It was suggested that they move back to traditional sequencing in Math, and reference was made to a chart we didn’t have access to. Ms. Oxendine indicated that the English Language Arts standards could be rewritten easily, that concepts and principles could stay the same, that you could build in anything that was missing, and agreed to produce a set of examples by the next meeting.
Dr. Scheik mentioned 5 states that have totally re- done the math standards. They all agreed that you can’t make a decision based on one survey from Developmentally Appropriate Practice theory (D.A.P). They need more data points and more teacher and parent input.
Ms. Cornetto stated that she had given a written opinion to the ARSC (not on the website, no additional copies available to us) indicating that NC had a public license that allows anyone to use it in part or in whole so long as attribution is made. There was much discussion about the actual wording in the license, which asserts this use is only agreeable if one is “supporting the Common Core States Standards Initiative” which NC is not doing anymore.
Co-Chair Peek asked Ms. Cornetto to see if she could obtain such waiver. Ms. Covil indicated that she has also asked for the contractual documentation for NC using Common Core, and was only given a copy of the Public License.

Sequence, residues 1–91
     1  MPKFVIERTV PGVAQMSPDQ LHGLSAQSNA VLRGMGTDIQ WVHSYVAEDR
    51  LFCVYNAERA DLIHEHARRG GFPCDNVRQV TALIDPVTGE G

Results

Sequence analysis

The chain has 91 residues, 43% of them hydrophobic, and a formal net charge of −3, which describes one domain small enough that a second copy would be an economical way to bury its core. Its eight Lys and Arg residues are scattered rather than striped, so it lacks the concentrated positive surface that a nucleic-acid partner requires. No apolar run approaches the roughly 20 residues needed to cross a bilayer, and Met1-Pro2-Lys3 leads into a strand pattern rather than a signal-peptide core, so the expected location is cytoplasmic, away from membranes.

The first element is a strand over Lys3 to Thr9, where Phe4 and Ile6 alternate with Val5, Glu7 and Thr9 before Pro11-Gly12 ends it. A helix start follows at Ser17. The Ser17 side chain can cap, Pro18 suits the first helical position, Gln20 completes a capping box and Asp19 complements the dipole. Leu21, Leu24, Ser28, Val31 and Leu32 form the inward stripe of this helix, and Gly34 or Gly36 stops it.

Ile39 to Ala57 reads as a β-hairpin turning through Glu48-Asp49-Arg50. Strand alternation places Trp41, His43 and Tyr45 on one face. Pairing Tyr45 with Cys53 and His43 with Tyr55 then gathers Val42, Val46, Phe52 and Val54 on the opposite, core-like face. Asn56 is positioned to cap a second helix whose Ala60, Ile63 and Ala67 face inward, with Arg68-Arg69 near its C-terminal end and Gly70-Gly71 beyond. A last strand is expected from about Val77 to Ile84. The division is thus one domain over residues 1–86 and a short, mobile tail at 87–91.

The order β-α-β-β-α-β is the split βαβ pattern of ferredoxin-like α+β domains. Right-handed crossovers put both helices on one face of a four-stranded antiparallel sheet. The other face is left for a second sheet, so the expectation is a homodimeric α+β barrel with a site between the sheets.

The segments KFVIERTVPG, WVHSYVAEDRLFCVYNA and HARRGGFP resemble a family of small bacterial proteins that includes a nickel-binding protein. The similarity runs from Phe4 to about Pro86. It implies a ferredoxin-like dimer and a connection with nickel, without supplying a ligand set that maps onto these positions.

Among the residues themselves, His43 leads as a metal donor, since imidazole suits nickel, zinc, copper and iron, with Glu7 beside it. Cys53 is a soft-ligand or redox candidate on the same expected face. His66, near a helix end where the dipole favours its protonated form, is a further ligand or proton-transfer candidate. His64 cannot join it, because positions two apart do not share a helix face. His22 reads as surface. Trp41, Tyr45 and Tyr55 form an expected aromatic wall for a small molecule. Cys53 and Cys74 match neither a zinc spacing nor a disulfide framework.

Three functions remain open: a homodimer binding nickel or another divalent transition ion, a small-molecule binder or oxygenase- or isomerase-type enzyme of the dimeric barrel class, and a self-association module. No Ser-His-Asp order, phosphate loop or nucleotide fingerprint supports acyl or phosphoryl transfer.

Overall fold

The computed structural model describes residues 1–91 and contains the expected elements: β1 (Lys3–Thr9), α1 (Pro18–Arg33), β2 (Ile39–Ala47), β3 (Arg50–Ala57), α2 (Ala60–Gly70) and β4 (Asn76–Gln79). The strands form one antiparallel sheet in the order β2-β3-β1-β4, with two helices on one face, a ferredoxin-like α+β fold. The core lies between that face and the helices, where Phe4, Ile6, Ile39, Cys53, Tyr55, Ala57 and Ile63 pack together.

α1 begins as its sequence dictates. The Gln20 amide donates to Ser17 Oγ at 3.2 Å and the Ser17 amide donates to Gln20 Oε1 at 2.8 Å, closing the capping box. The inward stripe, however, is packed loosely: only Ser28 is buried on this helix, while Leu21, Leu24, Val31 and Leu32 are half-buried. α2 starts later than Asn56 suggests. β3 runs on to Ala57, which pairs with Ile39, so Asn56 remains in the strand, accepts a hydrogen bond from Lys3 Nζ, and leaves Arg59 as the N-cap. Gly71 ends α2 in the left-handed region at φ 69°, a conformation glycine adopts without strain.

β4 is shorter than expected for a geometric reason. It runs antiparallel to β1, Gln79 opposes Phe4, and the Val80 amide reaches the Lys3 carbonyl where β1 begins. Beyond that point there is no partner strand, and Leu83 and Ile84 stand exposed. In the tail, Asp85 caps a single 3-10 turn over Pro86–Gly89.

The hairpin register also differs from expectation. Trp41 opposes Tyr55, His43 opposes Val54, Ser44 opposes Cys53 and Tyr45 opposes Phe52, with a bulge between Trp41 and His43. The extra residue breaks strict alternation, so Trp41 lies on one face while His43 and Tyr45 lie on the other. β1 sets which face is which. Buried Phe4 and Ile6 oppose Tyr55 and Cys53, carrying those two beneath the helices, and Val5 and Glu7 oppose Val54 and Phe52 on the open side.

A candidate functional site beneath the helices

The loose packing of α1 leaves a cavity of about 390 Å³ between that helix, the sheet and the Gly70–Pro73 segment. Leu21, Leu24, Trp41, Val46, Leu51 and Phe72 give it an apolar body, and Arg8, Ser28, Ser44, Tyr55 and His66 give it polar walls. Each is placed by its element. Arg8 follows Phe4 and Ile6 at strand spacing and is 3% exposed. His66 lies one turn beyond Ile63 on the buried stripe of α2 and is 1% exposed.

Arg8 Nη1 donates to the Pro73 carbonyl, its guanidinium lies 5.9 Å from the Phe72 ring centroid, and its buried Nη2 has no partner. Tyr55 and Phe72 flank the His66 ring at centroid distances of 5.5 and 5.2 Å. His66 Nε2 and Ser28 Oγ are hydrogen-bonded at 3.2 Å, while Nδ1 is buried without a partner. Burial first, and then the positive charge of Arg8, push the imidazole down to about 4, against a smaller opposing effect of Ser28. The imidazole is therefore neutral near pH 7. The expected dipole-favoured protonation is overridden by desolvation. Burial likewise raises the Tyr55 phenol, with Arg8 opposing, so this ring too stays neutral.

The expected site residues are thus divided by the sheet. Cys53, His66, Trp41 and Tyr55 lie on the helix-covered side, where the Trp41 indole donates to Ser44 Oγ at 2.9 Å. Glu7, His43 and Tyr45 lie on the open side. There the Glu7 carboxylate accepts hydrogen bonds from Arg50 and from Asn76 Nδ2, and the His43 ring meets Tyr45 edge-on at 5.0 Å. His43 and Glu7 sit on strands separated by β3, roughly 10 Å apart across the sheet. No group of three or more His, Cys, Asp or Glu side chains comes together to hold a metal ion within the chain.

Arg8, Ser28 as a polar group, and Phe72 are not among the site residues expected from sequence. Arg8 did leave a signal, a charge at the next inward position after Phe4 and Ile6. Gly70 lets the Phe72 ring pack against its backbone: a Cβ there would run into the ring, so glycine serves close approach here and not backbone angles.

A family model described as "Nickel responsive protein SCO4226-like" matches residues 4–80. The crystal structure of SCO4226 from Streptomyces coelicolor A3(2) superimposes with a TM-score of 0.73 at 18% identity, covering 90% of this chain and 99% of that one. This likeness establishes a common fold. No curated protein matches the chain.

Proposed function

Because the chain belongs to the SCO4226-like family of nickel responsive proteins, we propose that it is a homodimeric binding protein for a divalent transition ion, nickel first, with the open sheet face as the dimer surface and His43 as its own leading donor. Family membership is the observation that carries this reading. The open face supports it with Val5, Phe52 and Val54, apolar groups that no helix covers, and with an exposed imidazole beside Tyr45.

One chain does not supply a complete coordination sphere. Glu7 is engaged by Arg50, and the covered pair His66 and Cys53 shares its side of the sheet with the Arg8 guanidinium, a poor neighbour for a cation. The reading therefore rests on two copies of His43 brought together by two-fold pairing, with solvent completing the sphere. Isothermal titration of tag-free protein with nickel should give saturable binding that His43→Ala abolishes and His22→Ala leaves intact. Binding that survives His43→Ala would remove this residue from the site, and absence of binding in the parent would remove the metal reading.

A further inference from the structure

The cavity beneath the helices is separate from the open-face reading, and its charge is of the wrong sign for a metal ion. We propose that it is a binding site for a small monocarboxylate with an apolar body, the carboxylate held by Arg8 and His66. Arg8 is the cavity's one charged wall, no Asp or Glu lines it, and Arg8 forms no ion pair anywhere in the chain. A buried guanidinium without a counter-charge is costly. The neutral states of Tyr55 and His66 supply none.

Representative Michael Speciale addressed the commission, and stated that during the Legislative Research Committee meetings, Dr. Atkinson told them that changes could not be made to the Common Core, but that an additional 15% of content could be added.
Rep. Speciale also stated that they didn’t want a rebrand; they want something that is uniquely North Carolina’s. (Paraphrasing)
This presentation was an updated timeline for implementation of the commission goals, and was available on the ASRC website. This timeline recommended requesting an extension of time because of the delay in funding allowing for proper completion of the charged tasks.
The focus of this presentation was in 3 areas. They were Standards Simplification, Age/Developmental Appropriateness, and Teacher Flexibility.
“(2) As soon as practicable upon convening, and at any time prior to termination, recommend changes and modifications to these academic standards to the State Board of Education.
“(3) Recommend to the State Board of Education assessments aligned to proposed changes and modifications that would also reduce the number of high-stakes assessments administered to public schools.
“(4) Consider the impact on educators, including the need for professional development, when making any of the recommendations required in this section.
The Commission shall assemble content experts to assist it in evaluating the rigor of academic standards. The Commission shall also involve interested stakeholders in this process and otherwise ensure that the process is transparent.”
That text is where a lot of the discussion that followed came from. Questions arose as to whether the charge was to review and modify the Common Core, as those ARE the standards in place, OR do they agree to throw out the core in its entirety and begin from scratch?